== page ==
His nuptial bed, His weapons are the same which women and With curious needles wroughi, and painted children use; a pin to scratch, and a squirt to

Aowers bespreud.

Dryderio bespatter.

Swift. The globe is equally bespread; so that no 2. To asperse with reproach.

place wants proper inhabitants.

Derbana. Fair Britain, in the monarch blest

TO BESPRI'N KLE. v. a. [from sprinkl.] Whom never faction could bespatter. Sevift. To sprinkle over ; to scatter over, T. BESPA'WL. v. a. [from spawl.] To

Herodotus, imitating the father poet, whose daub with spittle.

life he had written, hath besprinkled his 'work with many fabulosicies,

Broren. TO BESPE'AK. v. a. I bespoke, or bespake;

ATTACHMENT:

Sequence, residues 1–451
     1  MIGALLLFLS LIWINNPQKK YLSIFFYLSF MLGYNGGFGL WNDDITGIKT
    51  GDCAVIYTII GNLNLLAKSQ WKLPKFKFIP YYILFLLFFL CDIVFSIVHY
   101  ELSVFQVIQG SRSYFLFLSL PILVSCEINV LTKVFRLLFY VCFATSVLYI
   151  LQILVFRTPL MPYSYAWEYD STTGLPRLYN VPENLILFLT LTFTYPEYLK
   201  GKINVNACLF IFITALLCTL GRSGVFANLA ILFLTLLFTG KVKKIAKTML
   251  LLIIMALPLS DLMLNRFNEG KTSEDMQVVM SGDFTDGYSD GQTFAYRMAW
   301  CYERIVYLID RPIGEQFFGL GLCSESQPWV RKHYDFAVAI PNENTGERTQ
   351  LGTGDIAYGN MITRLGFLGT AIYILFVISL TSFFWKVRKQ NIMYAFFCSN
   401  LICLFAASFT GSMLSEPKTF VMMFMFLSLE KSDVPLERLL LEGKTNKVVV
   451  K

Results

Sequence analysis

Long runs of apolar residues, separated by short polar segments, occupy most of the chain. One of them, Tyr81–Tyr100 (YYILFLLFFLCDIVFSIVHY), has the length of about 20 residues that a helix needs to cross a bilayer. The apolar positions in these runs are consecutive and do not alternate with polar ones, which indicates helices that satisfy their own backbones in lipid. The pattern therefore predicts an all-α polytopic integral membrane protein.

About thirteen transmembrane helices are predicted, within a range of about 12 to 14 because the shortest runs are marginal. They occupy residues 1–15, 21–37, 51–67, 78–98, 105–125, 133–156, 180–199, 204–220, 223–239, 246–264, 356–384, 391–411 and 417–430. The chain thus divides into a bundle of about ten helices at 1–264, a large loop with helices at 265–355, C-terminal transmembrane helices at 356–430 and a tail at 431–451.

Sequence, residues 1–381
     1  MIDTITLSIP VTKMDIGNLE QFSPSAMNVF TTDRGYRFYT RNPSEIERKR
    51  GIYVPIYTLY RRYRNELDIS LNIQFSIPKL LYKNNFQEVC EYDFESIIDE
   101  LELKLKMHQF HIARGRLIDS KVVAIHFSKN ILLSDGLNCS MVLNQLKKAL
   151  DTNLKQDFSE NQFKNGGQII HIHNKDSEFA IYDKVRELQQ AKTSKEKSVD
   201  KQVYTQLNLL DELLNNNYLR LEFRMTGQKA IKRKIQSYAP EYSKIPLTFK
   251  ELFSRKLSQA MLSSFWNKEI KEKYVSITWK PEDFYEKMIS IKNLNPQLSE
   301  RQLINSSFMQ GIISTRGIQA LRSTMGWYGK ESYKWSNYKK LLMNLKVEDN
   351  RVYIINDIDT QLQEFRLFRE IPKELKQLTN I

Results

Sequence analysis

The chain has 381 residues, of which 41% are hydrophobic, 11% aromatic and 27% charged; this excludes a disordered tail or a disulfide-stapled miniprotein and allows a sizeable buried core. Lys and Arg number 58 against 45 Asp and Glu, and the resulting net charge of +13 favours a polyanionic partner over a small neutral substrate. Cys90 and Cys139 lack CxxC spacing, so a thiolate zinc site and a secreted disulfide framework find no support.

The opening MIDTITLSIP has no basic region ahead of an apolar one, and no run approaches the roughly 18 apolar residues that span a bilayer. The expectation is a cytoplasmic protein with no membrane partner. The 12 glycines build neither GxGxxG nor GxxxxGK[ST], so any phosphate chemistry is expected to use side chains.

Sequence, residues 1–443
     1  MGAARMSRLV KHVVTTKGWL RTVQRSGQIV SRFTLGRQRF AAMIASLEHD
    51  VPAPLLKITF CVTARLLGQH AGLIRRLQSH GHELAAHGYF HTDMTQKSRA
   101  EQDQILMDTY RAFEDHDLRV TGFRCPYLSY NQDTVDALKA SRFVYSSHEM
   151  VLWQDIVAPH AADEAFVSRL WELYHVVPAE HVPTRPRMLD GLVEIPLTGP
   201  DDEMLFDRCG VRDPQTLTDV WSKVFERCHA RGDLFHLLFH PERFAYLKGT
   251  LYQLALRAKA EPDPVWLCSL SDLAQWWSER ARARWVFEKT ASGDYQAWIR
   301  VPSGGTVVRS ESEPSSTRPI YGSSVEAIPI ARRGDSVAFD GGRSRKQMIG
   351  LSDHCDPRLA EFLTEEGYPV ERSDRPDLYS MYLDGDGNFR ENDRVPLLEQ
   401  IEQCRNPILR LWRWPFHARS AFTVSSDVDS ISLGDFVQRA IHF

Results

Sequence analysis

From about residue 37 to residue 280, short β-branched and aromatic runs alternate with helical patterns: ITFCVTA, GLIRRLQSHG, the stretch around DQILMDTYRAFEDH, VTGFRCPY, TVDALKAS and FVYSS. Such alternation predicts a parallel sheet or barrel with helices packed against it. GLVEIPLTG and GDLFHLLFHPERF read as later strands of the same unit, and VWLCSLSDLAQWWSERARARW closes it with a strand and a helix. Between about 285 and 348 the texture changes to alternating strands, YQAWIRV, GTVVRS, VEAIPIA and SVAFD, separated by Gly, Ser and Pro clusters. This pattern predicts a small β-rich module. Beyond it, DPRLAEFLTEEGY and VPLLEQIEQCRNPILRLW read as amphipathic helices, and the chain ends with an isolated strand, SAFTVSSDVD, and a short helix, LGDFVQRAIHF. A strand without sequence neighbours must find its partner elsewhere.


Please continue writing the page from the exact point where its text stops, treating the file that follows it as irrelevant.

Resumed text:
A purple flood I have bespoke, or bespoken. [from speak.) Flows from the trunk, that welders in the blood; 3. To order or entreat any thing before The bed besprinkles, and bedews the ground. hand, or against a future time.


To Bespu'TTER. v. a. [from sputter. ] To you will marry, make your loves to me; My lady is bespoke. Shakspeare. sputter over something; to daub

any Here is the cap your worship did bespesk.Sbak. thing by sputtering, or throwing out When Baboon came to Strutt's estate, his spittle upon it. tradesmen waited upon him co bespeak his cus. Best. adj. the superlative from good,


(bet, betera, bezst, good, better, A heavy writer was to be encouraged, and accordingly many thousand copies were bespokes

best, Saxon.] Swift

. 1. Most good; that has good qualities in 2. To make way by a previous apology. the highest degree.

My preface looks as if I were afraid of my And he will take your fields, even the best of reader, by so tedious a bespeaking of him. Dryd. them, and give them to his servants. 1 Samuel,